Ger­many, France try to turn tide of Euro­pean skep­ti­cism as crises close in

The China Post - - FRONT PAGE -

Ger­man Chan­cel­lor An­gela Merkel and French Pres­i­dent Fran­cois Hol­lande urged Euro­pean law­mak­ers on Wed­nes­day to pull to­gether as mul­ti­ple crises close in, a highly un­usual bid to heal di­vi­sions within the Euro­pean Union caused by the in­flux of refugees, debt crises and en­croach­ing na­tion­al­ist sen­ti­ment.

The sep­a­rate ad­dresses to the Euro­pean Par­lia­ment in Stras­bourg by the most pow­er­ful pro­po­nents of Euro­pean unity un­der­scored the risks now be­set­ting the EU’s 28 na­tions.

“The de­bate is not about less Europe or more Europe,” Hol­lande told law­mak­ers, evok­ing the ques­tion of na­tional sovereignty be­set­ting mem­ber na­tions. “It is about the af­fir­ma­tion of Europe or the end of Europe. Yes, the end of Europe.”

A strong Europe is the only way to guar­an­tee se­cu­rity, Hol­lande said as he pressed for a strength­ened eu­ro­zone, a stronger bor­der con­trol sys­tem among the bor­der­free Schen­gen coun­tries and a com­mon asy­lum sys­tem for refugees within the EU.

Merkel told Euro­pean law­mak­ers that Europe faces “a test of his­toric di­men­sions.” She urged “a de­ter­mined con­tri­bu­tion by Europe to re­solv­ing these crises.”

Merkel, who has come for­ward as the cham­pion of refugees flow­ing into Europe, said over­com­ing the refugee cri­sis to­gether is a key chal­lenge for the Euro­pean Union.

‘It is pre­cisely now’

“It is pre­cisely now,” she said, “that we need more Europe ... If we over­come that, we will be stronger af­ter the cri­sis than be­fore.”

The con­ser­va­tive Ger­man Chan­cel­lor and the So­cial­ist French pres­i­dent have de­vel­oped a strong per­sonal re­la­tion­ship.

Both lead­ers said the EU must di­rect its for­eign and de­vel­op­ment pol­icy more squarely to­ward re­solv­ing con­flicts and com­bat­ing causes that push peo­ple to flee their coun­tries, and in­vest more funds to do so.

Ger­many has strug­gled to get other EU coun­tries to share the bur­den of host­ing refugees. Merkel said: “In the refugee cri­sis, we must not suc­cumb to the temp­ta­tion of fall­ing back into na­tional ac­tion. Quite the con­trary.”

It was the first such joint ap­pear­ance in Stras­bourg since 1989, when West Ger­man Chan­cel­lor Hel­mut Kohl and French Pres­i­dent Fran­cois spoke days af­ter the Ber­lin Wall.

The Euro­pean Union was con­ceived to end cen­turies of war through open trade and in­creased pros­per­ity, and it’s also been a way for Europe to stay glob­ally rel­e­vant. Ger­many and France have played a lead­ing role to keep the 28-na­tion bloc united de­spite ma­jor dif­fer­ences of views among Euro­pean lead­ers.

Since 2014, the EU has faced the Ukrainian con­flict at its eastern bor­der, Greece’s resur­gent debt cri­sis, ter­ror­ist at­tacks in Paris and Brus­sels, threats that Bri­tain could leave the EU, and the big­gest wave of mi­grant ar­rivals since World War II.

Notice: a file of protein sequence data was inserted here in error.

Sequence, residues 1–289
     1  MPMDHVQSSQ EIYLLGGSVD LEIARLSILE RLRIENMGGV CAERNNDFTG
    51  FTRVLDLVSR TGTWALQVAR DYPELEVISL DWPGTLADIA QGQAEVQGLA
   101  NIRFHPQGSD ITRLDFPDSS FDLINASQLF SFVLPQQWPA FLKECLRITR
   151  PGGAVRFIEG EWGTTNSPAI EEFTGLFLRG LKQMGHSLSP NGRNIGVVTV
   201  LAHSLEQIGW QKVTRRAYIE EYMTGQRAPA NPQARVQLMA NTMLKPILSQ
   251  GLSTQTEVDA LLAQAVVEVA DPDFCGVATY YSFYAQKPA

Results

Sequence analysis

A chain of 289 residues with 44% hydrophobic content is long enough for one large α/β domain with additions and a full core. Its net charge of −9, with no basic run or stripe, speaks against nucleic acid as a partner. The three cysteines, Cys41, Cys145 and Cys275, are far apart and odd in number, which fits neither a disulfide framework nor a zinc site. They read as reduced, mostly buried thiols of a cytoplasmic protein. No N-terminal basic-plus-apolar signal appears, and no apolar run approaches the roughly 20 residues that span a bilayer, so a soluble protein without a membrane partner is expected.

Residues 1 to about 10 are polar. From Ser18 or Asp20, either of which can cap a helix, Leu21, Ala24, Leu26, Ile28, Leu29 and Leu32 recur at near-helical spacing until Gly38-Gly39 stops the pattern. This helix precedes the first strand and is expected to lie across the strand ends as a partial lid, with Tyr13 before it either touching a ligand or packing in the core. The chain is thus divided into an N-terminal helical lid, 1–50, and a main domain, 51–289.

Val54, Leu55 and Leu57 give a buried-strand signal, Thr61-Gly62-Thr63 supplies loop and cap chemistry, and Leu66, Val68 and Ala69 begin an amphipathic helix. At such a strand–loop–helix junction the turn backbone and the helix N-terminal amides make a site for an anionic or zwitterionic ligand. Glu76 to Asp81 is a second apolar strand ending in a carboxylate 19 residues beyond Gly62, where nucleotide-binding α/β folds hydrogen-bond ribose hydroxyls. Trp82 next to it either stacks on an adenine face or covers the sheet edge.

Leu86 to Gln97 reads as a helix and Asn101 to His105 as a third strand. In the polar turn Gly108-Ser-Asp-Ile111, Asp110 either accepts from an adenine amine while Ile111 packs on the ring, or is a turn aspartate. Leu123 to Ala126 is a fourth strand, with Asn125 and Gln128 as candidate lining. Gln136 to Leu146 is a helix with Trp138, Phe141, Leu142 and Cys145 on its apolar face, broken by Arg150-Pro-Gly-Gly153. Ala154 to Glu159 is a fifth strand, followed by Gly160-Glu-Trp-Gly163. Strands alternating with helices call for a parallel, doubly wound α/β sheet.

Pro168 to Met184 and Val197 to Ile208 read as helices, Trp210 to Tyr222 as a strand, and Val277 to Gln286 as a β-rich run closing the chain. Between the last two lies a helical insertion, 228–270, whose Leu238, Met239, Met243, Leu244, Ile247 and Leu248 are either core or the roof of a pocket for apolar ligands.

Elec­tions for Euro­pean par­lia­men­tar­i­ans last year pro­duced a rise of pop­ulist and far-right par­ties, in­clud­ing mem­bers of neoNazi move­ments in Ger­many and Greece.

The two lead­ers’ ef­fort to res­cue Europe of­fers a prime op­por­tu­nity for crit­ics to as­sail them for pulling the EU ever closer to­gether — es­pe­cially from Marine Le Pen, a French pres­i­den­tial hope­ful with strong anti-im­mi­grant views who was to take the floor as head of a new group in Par­lia­ment for far­right politi­cians.

“This is a his­toric visit for his­tor­i­cally dif­fi­cult times. The Euro­pean union is fac­ing im­mense chal­lenges and re­quires strong com­mit­ment by its lead­ers,” Euro­pean Par­lia­ment pres­i­dent Martin Schulz said when he an­nounced the visit.

King Felipe VI of Spain also came to the de­fense of Europe, say­ing in an ad­dress that “we all face the pas­sion­ate chal­lenge to con­struct a re­newed Europe for new times in a world that is cer- Mit­ter­rand fall of the tainly dif­fer­ent.

“There is no al­ter­na­tive to a united Europe. Let us have con­fi­dence in Europe. Let us have con­fi­dence in our­selves, the Euro­peans,” he said. The 47-year-old king spoke al­most 30 years af­ter Spain’s ac­ces­sion to the EU — and as his own coun­try faces a ris­ing in­de­pen­dence move­ment in Catalonia.

Op­er­a­tion Sophia

Euro­pean war­ships in the Mediter­ranean launched a new op­er­a­tion Wed­nes­day to catch mi­grant smug­glers as the lead­ers of Ger­many and France pushed for fur­ther EU ac­tion to cope with the refugee cri­sis.

The mil­i­tary mis­sion dubbed Op­er­a­tion Sophia in­volves six naval ves­sels in in­ter­na­tional wa­ters off Libya with the power to stop, board, seize and de­stroy traf­fick­ers’ boats in a bid to curb the worst cri­sis of its kind since World War II.

Around 3,000 peo­ple have died mak­ing the per­ilous cross­ing over the Mediter­ranean to Europe this year, while over half a mil­lion have made the voy­age, mostly land­ing in Greece and Italy.

The first phase of the op­er­a­tion, which in­volved mon­i­tor­ing traf­ficker net­works and res­cu­ing refugees from rick­ety boats cross­ing the Mediter­ranean, has been run­ning since June.

An Ital­ian air­craft car­rier, a French frigate and one Bri­tish, one Span­ish and two Ger­man ships are all in­volved in the mis­sion, which fol­lows in the foot­steps of EU anti-piracy oper­a­tions on the Horn of Africa.

The EU gave the go-ahead for the op­er­a­tion in in­ter­na­tional wa­ters in Septem­ber, but its ships are not, for now, al­lowed to pur­sue traf­fick­ers into Libyan wa­ters.


Syr­ian and Afghan refugees warm them­selves and dry their clothes around a fire af­ter ar­riv­ing on a dinghy from the Turk­ish coast to the north­east­ern Greek is­land of Les­bos, early Wed­nes­day, Oct. 7.

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